US majors Exxon Mobil and will raise capital spending in 2023, as both embrace oil and natural gas output growth over the next several years alongside accelerated investments in decarbonization.
Chevron says it will invest $16.9 billion next year, while Exxon will spend $23 billion-$25 billion. Both sums sit at the top end of their respective medium-term capex ranges, with Chevron planning to invest $15 billion-$17 billion annually and Exxon $20 billion-$25 billion over the next several years.
They also represent a roughly 14% increase over expected 2022 spending for Exxon and a 25% hike for Chevron, with the latter set to significantly underspend its original budget this year.
The 2023 budgets come as little surprise, as leaders of both integrated giants hinted in recent months that spending was likely to come in meaningfully higher next year as capex continues to recover from the 2020 downturn.
But the guidance nonetheless confirms that Exxon and Chevron will continue to break from their European peers in investing significant amounts of additional capital toward oil and gas development, with both plotting 3% compound annual output growth through 2026-27.
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At the same time, spending to reduce in-house operational emissions as well as grow low-carbon ventures in carbon capture and storage (CCS), hydrogen and biofuels will also rise — and in Exxon’s case, at a higher rate than previously anticipated.
“It’s the Exxon Mobil ‘and’ equation — working to meet the world’s energy needs and reduce emissions,” Exxon CEO Darren Woods said Thursday.
The comments reiterate the US majors’ shared view that co-investing in more oil and gas supplies over the medium term while reducing the emissions of those supplies remains a viable strategy for the low-carbon energy transition.
The most notable shift within the duo’s budgets is taking place in low carbon.
Exxon plans to increase its low-carbon spending by around $2 billion, or 15%, through 2027, raising its cumulative investment over 2022-27 to around $17 billion.
Exxon’s relative capex contributions to emissions reduction and lower-carbon energy sources will remain dwarfed by its European peers. BP, for instance, expects to direct 40% of its capex by 2025 toward “transition growth” businesses, led by renewables.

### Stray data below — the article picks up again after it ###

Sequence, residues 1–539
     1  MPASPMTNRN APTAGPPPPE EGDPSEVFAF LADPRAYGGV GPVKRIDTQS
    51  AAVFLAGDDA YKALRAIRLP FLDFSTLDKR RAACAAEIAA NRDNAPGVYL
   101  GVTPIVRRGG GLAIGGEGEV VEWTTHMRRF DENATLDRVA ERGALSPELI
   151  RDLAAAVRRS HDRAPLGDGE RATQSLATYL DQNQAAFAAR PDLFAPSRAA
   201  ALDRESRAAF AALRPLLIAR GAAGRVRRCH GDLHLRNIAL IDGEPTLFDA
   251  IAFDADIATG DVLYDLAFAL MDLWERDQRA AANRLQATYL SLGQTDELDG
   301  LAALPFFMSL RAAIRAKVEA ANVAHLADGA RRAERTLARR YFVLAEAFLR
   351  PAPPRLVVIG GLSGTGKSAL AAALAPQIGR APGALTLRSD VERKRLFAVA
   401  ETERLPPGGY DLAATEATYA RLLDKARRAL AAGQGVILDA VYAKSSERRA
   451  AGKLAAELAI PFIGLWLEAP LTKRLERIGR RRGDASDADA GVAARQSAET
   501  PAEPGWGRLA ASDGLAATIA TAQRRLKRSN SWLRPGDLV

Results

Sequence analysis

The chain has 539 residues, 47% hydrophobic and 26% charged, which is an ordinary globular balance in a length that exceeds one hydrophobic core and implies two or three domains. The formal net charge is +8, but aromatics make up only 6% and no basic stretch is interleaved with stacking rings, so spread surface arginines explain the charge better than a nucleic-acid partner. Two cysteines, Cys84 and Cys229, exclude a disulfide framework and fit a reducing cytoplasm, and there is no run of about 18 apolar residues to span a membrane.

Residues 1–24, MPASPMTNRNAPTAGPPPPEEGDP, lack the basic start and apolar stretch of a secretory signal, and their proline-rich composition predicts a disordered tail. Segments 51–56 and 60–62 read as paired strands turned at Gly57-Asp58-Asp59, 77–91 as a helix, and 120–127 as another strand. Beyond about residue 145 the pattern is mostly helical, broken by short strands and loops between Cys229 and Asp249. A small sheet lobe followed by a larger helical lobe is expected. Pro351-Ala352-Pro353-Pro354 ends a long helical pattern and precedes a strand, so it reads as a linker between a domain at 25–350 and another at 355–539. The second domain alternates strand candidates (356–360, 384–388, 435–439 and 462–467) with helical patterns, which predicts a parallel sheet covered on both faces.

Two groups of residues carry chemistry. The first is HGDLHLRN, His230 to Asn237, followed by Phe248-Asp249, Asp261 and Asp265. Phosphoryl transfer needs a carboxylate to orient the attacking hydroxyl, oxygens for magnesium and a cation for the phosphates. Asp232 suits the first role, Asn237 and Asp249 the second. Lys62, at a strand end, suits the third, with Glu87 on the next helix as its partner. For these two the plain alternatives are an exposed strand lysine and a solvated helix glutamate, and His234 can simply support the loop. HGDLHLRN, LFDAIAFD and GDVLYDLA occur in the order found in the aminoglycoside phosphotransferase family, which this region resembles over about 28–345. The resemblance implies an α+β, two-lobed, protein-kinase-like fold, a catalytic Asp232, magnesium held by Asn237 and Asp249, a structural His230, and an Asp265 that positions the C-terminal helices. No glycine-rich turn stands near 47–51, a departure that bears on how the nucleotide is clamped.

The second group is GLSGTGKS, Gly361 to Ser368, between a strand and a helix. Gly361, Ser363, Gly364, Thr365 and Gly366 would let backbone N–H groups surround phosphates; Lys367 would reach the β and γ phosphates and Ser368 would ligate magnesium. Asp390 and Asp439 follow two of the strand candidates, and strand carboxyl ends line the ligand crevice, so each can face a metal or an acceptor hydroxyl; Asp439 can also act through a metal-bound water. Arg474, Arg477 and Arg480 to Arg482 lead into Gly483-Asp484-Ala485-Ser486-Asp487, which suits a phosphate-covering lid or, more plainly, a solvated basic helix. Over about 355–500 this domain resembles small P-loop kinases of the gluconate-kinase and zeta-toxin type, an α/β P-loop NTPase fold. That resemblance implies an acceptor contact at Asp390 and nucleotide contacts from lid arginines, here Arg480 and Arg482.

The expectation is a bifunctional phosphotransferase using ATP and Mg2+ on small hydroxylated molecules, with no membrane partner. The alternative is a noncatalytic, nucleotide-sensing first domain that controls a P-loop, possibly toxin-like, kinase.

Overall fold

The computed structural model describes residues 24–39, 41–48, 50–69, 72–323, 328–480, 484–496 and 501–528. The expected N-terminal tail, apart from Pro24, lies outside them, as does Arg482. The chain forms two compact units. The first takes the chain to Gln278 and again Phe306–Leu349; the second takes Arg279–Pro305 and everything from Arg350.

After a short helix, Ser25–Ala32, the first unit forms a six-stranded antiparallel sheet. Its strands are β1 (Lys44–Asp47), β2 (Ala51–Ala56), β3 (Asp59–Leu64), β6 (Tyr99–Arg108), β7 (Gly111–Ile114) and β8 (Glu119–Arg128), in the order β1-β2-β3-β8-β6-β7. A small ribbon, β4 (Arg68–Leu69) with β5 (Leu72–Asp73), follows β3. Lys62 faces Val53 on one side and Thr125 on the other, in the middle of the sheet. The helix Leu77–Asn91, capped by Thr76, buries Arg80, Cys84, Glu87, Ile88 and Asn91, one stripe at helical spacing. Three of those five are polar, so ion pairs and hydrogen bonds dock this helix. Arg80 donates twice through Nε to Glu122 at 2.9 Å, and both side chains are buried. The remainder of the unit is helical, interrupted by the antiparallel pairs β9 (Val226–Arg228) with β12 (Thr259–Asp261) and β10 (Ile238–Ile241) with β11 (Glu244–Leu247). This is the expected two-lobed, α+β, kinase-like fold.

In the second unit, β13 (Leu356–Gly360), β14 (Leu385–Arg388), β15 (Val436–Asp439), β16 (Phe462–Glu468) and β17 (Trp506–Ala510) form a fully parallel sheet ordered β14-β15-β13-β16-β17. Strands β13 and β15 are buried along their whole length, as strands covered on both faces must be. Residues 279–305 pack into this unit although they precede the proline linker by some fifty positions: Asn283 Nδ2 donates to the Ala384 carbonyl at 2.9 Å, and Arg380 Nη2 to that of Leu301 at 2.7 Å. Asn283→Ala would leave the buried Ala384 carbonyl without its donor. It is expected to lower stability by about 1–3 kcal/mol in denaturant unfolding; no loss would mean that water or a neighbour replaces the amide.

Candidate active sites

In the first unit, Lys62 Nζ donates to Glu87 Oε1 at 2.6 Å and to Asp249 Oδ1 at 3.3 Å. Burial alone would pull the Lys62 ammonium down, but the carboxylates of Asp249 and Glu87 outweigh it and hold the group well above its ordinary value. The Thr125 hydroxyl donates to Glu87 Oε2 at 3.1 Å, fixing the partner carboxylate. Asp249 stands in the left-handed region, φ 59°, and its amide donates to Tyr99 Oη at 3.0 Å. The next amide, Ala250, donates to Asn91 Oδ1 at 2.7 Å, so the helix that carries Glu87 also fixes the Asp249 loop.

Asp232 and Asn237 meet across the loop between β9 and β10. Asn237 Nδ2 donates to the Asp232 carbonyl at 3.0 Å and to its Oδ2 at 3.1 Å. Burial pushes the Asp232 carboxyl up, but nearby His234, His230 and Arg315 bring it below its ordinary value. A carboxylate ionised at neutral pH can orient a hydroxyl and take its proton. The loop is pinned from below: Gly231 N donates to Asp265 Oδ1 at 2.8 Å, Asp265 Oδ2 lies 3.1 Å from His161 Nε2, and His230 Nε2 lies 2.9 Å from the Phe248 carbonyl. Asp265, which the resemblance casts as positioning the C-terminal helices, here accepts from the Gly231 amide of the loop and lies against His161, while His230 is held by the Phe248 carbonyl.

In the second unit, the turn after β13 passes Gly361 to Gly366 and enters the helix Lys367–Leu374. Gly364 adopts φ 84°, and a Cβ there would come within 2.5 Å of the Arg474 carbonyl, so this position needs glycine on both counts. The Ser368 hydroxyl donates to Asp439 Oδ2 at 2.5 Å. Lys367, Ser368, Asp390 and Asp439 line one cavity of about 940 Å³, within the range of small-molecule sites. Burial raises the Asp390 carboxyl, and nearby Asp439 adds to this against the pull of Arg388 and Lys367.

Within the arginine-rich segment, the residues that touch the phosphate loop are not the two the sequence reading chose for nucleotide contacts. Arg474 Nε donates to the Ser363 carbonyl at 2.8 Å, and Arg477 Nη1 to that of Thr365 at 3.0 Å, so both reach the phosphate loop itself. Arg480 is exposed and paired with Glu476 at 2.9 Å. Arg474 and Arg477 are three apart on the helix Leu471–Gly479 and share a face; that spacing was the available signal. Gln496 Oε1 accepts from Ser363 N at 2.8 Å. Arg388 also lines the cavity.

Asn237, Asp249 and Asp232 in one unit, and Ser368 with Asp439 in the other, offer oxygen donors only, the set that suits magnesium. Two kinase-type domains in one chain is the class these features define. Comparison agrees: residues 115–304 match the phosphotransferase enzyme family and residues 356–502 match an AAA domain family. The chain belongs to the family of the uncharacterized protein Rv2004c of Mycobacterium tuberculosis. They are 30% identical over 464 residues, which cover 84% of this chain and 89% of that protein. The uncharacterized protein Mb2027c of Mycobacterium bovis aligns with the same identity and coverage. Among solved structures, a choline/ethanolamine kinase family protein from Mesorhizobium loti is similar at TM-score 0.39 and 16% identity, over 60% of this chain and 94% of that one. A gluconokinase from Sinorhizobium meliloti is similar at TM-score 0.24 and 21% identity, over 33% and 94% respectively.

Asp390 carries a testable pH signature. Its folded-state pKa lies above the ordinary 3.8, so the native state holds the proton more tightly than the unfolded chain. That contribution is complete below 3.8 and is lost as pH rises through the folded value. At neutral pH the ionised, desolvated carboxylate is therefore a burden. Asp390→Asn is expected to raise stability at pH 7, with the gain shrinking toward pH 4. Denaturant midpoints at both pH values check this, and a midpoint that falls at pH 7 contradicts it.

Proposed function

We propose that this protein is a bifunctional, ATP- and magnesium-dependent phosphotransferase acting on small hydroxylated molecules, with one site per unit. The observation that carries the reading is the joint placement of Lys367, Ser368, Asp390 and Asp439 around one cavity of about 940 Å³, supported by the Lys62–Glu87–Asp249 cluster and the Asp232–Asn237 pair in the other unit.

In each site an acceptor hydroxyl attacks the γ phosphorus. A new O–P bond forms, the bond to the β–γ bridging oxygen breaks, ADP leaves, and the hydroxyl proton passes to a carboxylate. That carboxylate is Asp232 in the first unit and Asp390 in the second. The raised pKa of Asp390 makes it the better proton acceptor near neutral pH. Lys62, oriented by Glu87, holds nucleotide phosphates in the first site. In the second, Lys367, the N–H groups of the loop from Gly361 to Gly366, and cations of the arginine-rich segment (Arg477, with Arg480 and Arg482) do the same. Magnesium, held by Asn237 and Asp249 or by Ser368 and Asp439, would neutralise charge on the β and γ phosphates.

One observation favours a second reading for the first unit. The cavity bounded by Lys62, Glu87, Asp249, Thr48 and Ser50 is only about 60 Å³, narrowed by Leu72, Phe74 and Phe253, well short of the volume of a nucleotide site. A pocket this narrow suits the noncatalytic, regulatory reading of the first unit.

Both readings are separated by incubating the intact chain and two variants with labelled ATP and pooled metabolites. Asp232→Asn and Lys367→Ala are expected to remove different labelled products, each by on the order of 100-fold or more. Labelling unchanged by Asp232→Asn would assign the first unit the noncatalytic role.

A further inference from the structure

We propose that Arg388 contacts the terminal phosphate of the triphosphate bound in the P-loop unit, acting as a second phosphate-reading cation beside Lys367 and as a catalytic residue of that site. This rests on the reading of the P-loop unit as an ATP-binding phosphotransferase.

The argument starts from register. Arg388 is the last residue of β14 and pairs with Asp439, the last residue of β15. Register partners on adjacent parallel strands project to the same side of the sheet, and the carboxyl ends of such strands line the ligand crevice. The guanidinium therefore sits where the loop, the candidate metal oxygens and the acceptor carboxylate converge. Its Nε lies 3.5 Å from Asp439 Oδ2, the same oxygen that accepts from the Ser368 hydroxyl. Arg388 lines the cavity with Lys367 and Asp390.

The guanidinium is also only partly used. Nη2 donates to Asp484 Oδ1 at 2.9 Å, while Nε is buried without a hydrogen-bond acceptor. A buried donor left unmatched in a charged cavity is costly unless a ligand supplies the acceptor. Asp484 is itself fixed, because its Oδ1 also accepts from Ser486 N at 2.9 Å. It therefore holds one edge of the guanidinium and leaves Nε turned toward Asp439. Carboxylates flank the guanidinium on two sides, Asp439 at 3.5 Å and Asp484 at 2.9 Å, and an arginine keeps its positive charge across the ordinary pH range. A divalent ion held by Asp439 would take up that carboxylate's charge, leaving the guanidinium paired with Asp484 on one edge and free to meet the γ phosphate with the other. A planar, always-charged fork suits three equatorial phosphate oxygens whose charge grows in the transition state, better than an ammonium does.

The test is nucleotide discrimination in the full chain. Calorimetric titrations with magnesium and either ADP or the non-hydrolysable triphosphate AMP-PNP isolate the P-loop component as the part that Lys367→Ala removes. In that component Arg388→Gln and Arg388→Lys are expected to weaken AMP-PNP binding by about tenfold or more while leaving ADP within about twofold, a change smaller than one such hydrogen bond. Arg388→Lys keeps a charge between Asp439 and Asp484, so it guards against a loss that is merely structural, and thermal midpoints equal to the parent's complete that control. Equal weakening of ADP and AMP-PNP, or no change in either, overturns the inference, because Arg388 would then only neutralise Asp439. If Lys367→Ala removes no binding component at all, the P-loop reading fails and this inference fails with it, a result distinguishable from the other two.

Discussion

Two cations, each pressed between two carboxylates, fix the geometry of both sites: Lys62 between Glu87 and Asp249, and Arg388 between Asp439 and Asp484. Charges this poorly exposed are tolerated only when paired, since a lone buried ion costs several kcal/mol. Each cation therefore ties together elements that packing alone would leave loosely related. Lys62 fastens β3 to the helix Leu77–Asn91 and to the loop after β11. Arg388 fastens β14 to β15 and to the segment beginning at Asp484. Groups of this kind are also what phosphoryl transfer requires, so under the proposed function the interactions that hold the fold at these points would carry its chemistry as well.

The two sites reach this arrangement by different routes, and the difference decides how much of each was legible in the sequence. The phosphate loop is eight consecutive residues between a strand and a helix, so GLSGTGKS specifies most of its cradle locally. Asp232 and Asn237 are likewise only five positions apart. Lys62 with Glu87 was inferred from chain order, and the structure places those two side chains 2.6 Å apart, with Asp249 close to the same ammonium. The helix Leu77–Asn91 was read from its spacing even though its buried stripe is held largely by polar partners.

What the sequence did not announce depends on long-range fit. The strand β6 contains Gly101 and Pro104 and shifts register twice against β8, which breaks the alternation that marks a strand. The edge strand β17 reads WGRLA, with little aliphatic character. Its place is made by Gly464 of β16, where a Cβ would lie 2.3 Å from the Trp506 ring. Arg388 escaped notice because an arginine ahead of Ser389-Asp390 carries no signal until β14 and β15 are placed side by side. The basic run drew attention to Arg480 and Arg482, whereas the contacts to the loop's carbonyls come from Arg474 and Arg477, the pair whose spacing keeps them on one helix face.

But Exxon’s strategic update presentation on Thursday suggested that its low-carbon spending will exceed $5 billion by 2027 — an amount that could equate to 20%-25% of its capex in that year. That compares to a roughly 4%-5% contribution this year, Energy Intelligence calculates.
The Texas-based major says 60% of its low-carbon funds will go toward reducing Exxon’s operational emissions as it targets net-zero Scope 1 and 2 emissions by 2050.
Woods said the company will complete emissions reduction roadmaps for its major operated assets by the end of this year to provide a “clear line of sight” on how to hit interim emissions intensity reduction targets by 2030. Such assessments already have Exxon on track to reach net-zero operational emissions in the Permian Basin by the end of the decade rather than by mid-century.
The balance of Exxon’s low-carbon funds through 2027 will support efforts to “reduce others’ emissions,” including jumpstarting CCS as a third-party service.
For now, Chevron is sticking with plans to invest $10 billion in low-carbon energy and decarbonization across 2022-28, but is ramping up spending on an annual basis.
The California-based major’s 2023 budget shows spending in the segment will more than double, excluding acquisitions, to $2 billion from around $800 million this year.
Chevron said late Wednesday that around $500 million of next year’s low-carbon spending will go toward reducing its own emissions, while around $1 billion will fund higher renewable fuels production capacity.
The upstream priorities underpinning Exxon and Chevron’s output growth remain unchanged. Both will lean heavily on the US Permian Basin, with Exxon also counting on Guyana, Brazil and LNG, while Chevron will tap its Tengiz expansion in Kazakhstan and various unconventional resource basins outside the Permian.
Exxon noted that its output next year should average around 3.7 million barrels of oil equivalent per day. While that is largely flat with its production over the first nine months of this year, Exxon will have to offset roughly 260,000 boe/d lost to divestments and its exit from Russia to get there. Permian growth in the range of 9%-11% will help, Woods noted.
Chevron has yet to provide production guidance for 2023 — that will likely come in January alongside its fourth-quarter earnings results. But growth would be expected given the major’s 16% implied production growth rate between 2022 and 2026 and expectations that Permian output alone will grow by roughly 50% by mid-decade.